We were sitting around with our oldest son the other night when a trailer for the forthcoming Star Trek movie appeared on the television. Now I’m star_trek_04not living under a rock, but my free time is somewhat constrained by the fact that we have a toddler, so while I was “aware” of the movie I hadn’t seen the trailer yet. I’m a geek, and a Star Trek fan, so I watched with interest. Our oldest, of course, had seen the trailer before and it had barely begun playing when he suddenly erupted with Nerd Rage.

Nerd Rage, in case you aren’t familiar with the term, is the sudden (and very real) anger that comes from a geek upon seeing something that violates the laws of physics or, in some cases, established historical “facts” in science fiction/fantasy based on previous episodes and/or movies.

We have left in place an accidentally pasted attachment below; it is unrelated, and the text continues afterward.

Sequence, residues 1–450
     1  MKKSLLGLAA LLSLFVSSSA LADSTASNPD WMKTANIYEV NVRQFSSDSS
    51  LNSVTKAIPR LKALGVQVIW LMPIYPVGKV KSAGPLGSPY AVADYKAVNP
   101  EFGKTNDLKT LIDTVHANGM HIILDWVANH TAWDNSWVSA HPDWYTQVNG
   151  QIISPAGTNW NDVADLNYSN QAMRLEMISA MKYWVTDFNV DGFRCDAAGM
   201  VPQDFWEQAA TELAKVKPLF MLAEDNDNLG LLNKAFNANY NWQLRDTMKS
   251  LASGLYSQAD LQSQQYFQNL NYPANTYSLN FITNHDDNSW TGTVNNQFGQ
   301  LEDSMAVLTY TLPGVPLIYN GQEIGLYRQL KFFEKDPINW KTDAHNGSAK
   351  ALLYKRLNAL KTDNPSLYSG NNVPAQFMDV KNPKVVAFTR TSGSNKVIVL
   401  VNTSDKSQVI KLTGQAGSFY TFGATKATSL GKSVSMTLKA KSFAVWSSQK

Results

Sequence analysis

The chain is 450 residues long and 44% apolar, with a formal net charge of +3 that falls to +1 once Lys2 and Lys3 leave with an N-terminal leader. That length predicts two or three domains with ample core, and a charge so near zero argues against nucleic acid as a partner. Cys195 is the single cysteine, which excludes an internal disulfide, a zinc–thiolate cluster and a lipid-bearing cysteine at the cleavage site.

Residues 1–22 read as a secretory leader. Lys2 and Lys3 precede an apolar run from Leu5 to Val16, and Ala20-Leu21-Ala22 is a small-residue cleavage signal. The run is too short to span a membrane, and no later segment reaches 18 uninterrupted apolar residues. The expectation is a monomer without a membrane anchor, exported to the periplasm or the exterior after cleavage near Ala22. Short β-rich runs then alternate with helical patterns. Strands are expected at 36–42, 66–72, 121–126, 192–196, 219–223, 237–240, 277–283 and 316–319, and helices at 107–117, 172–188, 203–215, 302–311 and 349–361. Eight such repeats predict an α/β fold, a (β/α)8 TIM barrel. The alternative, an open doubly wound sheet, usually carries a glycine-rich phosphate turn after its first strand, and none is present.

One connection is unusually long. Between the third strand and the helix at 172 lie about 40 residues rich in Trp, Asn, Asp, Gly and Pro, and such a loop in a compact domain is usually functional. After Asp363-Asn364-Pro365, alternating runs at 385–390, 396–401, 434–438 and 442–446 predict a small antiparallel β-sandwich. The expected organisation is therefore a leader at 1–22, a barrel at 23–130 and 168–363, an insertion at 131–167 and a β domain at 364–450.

In the case of the latest Star Trek movie, the trailer clearly shows the construction of the Enterprise – on earth. This is the source of Nerd Rage for many who will not-so-calmly explain that a Constitution-class starship could not possibly be built on earth because it is too large to escape the  earth’s gravity. It violates the laws of physics which, even in science fiction, must be obeyed. For true Star Trek fans, the ones who can quote you stardates as well as they can Gregorian dates, this simple “mistake” may very well ruin the entire movie. It certainly resulted in a lot of angry gestures and frustrated words from my oldest son.